Westworld showrunner explains those season 2 finale twists
Westworld (TV series)
Westworld co-creator Jonathan Nolan answers our burning questions about his season 2 finale twists (such as that surprise post-credits sequence), while also tackling some larger questions about the season — such as the “is the show too confusing?” debate and his tale’s critical assessment of humanity (his epic and candid final answer in this conversation is a must-read). Finale spoilers below.
ENTERTAINMENT WEEKLY: Do you know who each of those balls represent in Dolores’ purse? Or is your cast on edge about which characters Dolores found worthy of survival?
JONATHAN NOLAN: We’ve had some interesting conversations. It’s a large ensemble cast and sadly we’re saying goodbye to some people at the end of this season. But as always with this show, who remains and who doesn’t is something we’re having a lot of fun with. There’s going to be a bit of a wait for a third season but we want to surprise and hopefully delight people with the way things progress.
A bit of a wait? Are you thinking end of 2019 or perhaps 2020 for season 3?
We’re still talking it through, honestly, with our friends at HBO, and with the cast and the crew. We want to take the time to make every season as exciting as possible. And we have an enormous challenge going into season 3 with the worlds that we’re building going forward. We want to make sure we have the time to do that right.
When we see Dolores walking with Charlotte out of the room at the end on the mainland, does that mean there are now two Doloreses played by different actors?
Ehhh, not really. The question of who’s who and what we’re looking at is something we’re excited to play with. We’re excited to withhold a little from the audience but … it’s complicated.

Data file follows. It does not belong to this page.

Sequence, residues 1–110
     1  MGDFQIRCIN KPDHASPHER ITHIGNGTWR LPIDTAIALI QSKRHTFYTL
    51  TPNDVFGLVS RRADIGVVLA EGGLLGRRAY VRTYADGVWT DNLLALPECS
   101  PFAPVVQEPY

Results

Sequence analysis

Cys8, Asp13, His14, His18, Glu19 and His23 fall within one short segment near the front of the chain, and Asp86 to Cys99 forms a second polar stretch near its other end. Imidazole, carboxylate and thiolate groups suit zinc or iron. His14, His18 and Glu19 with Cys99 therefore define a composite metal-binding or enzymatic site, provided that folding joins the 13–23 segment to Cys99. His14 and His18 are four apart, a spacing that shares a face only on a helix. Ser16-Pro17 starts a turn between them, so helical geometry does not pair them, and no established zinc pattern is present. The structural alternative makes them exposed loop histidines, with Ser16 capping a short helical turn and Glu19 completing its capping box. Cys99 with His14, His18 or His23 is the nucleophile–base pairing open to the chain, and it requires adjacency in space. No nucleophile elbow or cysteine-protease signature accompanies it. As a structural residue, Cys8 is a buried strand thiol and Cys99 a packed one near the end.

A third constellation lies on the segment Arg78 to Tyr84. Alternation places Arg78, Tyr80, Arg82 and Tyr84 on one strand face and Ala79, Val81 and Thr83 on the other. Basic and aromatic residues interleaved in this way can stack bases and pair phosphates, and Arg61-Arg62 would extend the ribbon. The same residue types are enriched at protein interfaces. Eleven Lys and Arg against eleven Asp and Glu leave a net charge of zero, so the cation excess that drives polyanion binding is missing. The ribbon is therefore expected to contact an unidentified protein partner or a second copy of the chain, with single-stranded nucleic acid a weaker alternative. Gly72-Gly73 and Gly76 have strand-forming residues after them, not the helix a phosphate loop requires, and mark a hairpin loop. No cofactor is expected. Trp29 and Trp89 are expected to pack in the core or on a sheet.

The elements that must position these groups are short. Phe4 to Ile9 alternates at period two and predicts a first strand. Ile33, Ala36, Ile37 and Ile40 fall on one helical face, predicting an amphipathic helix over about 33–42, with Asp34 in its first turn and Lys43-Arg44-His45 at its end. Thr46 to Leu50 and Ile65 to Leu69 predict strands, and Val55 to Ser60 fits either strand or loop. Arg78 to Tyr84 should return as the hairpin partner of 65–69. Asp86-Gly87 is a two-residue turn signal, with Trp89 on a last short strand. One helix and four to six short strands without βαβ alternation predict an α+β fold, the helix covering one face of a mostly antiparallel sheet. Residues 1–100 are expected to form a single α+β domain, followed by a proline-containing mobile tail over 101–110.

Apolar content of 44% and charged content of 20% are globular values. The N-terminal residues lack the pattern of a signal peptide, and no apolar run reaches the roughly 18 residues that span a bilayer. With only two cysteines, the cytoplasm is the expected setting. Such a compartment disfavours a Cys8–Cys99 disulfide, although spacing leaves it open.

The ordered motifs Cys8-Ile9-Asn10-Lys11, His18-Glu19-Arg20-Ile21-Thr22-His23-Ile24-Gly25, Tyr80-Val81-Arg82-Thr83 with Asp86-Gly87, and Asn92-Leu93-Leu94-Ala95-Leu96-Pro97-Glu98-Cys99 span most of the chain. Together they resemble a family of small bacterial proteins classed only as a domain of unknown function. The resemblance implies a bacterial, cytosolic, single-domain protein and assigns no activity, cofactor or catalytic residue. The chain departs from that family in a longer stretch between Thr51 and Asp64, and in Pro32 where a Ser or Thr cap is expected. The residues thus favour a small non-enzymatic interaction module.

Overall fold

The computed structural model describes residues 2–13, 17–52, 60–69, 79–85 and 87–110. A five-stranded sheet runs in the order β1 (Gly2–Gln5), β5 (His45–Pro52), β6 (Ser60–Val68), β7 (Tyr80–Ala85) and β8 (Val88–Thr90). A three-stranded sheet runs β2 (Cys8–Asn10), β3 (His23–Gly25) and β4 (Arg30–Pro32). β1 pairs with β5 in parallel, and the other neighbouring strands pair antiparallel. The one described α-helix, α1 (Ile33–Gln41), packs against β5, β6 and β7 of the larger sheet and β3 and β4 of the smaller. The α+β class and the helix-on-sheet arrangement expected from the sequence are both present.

Okay that’s the only question I have for you that I thought would get an easy “yes.”
You should have known better. There are no easy yeses in this show.
Is it safe to assume — and perhaps it’s not — that Zahn McClarnon’s character, the Ghost Nation leader Akecheta, and others who went through the portal to the virtual Eden are not going to continue on?
I think that’s on the safer end of things to presume. But there’s a big story we’re telling here so … yeah.
I know you’ve drafted the broad strokes of your multi-year plan, can you say if next season largely take place outside the park?
Yes. We’re very excited about where the third season goes. It’s been a long build-up to get outside the park. And we’re incredibly excited about what that looks like and sounds like and what exactly our hosts discover out there.
I was surprised you didn’t reveal the remaining three park worlds since your characters were leaving anyway. Is that because it wasn’t necessary to the story or because you have future plans to reveal those other parks?
Well, not all of our favorite characters have managed to escape yet, so…
Ah, okay. Readers might also wonder why the neck-scanner didn’t register Dolores/Charlotte as a host. I’m assuming that was Ford’s tinkering?
Yeah, absolutely that’s in a place where the systems are all code, all the tools they have give them a sense of false confidence. Anything is possible with Ford at the helm.